Published: 7 Dec 11 18:38 CET
The annual Nobel Lecture in Literature, honouring 80-year-old Swedish poet Tomas Tranströmer, opened in Stockholm on Wednesday with an introduction by Peter Englund, Permanent Secretary of the Swedish Academy.
Whereas many literature laureates prepare special lectures for the occasion, Tranströmer’s lecture featured readings of 13 poems from throughout his career coordinated with musical accompaniment.
Tranströmer looked on as his work was set to music and sung by the Gustaf Sjöqvist’s Chamber Choir and Uppsala Chamber Soloists, among other performers. “Good poetry is a powerful thing. It can change our picture of the world, making it clearer, sharper, more comprehensible. And forever,” Englund said.
“We should not be taken in by the understated tone of Tomas Tranströmer’s poetry. Several of the real wonders of our existence are constantly present: Memory, History, Death, Nature – nature not least. But each not as an overwhelming exterior presence, nor as something that assumes life under our gaze. In your work it is the very opposite: ego, the individual, is the prism into which everything is drawn. It gives us a feeling of context, even obligation,” he continued.
“Dear Tomas, it is impossible to feel insignificant after having read your poetry. Neither is it still possible to love the world for the wrong reasons.”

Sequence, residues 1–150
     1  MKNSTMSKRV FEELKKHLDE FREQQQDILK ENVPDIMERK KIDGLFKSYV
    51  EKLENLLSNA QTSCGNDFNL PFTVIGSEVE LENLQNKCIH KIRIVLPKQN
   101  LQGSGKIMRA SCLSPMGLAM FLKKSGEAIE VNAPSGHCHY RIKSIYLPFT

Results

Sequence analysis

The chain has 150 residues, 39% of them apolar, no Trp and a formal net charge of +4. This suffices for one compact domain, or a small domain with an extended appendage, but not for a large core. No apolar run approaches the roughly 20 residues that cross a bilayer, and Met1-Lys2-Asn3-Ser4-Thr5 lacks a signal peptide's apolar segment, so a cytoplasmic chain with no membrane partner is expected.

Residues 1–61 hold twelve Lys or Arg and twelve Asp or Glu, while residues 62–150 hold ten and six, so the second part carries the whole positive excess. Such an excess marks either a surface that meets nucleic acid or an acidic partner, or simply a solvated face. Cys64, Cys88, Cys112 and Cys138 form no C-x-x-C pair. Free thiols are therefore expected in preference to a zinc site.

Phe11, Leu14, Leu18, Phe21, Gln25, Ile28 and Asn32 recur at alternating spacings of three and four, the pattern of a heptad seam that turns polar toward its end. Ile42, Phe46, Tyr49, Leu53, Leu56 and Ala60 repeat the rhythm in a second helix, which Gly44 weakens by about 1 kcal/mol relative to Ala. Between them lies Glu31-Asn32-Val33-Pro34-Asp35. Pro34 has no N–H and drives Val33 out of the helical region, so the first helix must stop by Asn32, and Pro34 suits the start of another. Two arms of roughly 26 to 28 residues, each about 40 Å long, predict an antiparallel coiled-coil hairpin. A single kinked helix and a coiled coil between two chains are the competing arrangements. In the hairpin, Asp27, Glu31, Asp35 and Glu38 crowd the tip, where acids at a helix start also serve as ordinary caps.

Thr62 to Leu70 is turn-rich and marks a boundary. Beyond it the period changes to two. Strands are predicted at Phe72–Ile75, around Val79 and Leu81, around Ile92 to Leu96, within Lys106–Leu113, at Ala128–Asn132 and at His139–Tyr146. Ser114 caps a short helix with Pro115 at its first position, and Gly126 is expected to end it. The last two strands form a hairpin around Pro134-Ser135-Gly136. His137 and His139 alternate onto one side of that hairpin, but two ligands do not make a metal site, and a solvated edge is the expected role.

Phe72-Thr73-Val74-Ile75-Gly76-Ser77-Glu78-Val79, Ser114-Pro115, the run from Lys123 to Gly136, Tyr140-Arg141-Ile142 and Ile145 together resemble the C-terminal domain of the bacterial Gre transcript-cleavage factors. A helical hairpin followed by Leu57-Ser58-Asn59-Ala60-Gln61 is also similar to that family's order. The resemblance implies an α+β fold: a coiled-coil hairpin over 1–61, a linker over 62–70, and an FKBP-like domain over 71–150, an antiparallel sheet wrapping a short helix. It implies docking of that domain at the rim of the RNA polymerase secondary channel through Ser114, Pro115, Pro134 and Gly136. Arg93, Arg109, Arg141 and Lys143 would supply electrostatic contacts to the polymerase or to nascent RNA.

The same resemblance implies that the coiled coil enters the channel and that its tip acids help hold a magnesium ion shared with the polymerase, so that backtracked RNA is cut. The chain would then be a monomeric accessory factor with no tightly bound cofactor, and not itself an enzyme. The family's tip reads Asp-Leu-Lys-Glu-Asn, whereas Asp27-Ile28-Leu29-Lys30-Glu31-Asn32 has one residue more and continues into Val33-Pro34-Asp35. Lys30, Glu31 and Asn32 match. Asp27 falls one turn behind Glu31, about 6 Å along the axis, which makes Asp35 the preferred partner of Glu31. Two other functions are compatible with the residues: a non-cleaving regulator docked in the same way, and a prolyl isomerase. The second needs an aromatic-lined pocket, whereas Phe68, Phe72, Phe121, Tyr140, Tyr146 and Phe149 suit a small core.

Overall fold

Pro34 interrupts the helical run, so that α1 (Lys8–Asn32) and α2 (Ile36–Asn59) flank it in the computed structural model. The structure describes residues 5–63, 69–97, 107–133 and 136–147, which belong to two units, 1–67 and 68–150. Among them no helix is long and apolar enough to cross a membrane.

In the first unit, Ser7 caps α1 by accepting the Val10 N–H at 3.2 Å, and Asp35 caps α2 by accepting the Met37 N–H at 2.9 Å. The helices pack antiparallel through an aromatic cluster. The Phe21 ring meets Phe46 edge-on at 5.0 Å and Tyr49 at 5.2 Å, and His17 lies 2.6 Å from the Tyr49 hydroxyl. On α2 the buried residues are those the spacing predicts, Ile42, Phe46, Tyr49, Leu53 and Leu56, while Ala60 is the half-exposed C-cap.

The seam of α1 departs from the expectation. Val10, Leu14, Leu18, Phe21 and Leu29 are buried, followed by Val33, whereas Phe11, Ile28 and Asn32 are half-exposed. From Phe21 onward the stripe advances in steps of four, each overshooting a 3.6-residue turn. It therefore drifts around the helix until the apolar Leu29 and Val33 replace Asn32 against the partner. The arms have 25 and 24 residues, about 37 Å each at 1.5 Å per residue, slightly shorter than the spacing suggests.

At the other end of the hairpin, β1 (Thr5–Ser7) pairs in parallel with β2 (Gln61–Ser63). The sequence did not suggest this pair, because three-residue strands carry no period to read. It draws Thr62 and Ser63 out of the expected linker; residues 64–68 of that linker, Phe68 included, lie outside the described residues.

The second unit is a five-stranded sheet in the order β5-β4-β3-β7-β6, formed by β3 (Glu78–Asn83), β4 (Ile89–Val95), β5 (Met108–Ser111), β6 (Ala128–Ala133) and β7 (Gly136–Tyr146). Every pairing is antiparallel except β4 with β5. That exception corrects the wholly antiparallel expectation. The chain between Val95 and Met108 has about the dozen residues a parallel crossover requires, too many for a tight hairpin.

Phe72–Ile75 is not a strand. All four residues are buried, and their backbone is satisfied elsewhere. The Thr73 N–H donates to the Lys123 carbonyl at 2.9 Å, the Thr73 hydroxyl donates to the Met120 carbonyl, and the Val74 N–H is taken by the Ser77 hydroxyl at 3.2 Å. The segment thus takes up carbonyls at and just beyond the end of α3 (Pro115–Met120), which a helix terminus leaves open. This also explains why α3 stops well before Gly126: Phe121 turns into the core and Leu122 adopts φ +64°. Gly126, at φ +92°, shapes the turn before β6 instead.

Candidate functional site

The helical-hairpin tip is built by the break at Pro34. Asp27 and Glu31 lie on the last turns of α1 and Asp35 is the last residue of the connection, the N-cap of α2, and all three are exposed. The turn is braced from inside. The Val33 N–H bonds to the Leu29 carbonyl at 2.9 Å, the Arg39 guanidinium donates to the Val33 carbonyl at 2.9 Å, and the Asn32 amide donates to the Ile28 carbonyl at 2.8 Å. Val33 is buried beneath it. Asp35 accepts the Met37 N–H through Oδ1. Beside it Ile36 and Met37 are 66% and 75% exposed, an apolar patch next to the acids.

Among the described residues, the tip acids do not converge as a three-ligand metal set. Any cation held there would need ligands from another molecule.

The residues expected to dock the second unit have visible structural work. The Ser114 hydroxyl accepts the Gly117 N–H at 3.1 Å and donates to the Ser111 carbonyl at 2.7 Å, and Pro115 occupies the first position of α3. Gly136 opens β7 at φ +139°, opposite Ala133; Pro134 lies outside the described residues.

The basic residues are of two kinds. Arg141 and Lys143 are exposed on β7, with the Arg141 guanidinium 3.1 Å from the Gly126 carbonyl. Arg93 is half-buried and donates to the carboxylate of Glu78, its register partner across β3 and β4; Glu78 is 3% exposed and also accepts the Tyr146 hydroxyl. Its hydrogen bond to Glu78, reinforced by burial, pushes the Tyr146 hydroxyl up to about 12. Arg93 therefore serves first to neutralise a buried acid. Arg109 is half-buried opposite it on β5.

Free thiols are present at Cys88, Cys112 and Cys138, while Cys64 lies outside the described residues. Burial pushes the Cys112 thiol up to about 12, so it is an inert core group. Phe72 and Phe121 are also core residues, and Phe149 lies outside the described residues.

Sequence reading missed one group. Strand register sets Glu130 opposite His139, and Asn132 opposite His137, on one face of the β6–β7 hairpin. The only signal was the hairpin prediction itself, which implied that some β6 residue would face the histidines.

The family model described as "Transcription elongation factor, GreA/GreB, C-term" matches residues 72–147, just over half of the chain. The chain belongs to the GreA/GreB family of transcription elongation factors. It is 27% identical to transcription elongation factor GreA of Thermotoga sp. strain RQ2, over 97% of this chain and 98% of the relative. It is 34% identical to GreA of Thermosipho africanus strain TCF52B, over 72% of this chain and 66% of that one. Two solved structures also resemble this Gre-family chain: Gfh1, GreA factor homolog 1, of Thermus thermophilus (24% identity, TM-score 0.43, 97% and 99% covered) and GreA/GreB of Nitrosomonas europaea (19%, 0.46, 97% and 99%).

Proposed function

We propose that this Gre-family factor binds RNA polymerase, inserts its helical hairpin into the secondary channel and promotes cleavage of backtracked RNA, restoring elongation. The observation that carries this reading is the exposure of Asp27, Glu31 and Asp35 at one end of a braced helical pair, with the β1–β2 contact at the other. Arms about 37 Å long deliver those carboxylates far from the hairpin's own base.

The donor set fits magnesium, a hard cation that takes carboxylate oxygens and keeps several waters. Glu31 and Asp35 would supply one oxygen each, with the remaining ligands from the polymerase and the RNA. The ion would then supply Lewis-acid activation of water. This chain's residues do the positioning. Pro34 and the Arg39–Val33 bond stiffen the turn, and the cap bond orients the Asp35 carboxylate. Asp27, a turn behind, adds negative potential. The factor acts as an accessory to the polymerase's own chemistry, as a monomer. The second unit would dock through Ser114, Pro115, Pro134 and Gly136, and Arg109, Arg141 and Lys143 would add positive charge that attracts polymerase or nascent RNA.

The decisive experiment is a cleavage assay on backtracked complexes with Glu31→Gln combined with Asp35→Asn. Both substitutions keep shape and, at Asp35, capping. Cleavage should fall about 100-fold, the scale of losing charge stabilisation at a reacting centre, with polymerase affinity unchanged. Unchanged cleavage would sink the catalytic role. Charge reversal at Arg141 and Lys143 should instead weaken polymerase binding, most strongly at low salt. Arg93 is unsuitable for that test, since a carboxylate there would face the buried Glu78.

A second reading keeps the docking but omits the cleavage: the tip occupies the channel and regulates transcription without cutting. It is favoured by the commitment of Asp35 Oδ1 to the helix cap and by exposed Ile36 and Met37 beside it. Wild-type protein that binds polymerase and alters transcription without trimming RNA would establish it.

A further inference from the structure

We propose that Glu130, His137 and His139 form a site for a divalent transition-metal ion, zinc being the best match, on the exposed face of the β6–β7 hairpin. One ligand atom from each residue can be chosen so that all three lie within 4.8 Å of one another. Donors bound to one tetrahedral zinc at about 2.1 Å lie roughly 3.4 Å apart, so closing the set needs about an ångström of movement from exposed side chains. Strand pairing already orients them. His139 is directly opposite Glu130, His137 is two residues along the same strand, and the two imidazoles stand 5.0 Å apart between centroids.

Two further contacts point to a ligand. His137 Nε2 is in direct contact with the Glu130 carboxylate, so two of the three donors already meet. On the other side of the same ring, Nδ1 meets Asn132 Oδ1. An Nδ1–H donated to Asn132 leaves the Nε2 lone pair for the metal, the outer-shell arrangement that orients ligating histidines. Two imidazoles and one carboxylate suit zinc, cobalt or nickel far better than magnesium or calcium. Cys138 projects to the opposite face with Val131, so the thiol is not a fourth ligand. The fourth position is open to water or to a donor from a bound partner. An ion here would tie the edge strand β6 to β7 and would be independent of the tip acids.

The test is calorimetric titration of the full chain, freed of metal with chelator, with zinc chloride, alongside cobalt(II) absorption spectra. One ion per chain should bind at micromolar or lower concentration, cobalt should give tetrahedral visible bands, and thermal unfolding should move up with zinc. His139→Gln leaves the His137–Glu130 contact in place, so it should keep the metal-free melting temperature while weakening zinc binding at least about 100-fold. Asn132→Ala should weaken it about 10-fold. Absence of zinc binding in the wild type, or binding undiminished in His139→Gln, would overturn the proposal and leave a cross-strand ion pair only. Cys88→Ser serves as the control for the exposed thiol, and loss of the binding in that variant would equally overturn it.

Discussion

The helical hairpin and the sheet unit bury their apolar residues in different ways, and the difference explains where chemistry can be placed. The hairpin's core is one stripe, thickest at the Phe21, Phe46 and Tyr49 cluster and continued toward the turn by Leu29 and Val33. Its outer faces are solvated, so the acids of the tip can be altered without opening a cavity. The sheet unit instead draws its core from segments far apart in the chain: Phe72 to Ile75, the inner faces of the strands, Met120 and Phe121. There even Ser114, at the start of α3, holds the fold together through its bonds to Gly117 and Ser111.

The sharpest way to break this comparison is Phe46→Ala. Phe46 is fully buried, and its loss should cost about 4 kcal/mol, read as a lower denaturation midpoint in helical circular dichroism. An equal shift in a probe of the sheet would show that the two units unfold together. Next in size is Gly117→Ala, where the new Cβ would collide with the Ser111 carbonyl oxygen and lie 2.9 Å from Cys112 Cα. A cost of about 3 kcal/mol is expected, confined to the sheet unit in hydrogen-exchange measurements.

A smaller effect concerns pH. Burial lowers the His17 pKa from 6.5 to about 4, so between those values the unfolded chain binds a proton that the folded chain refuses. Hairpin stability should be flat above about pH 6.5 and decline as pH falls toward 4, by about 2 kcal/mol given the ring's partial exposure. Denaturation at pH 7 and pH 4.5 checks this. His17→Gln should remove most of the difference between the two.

“But what makes great poetry great is not only that it clarifies or reveals something already present in our world, but also that it has the ability to actually widen the boundaries of that world. Therein lies its power,” Englund said.
The first poem recited was “Minnena ser mig” (Memories Look at Me), originally published in 1983:
A June morning, too soon to wake,
too late to fall asleep again.
I must go out – the greenery is dense
with memories, they follow me with their gaze.
They can’t be seen, they merge completely with
the background, true chameleons.
They are so close that I can hear them breathe
although the birdsong here is deafening.
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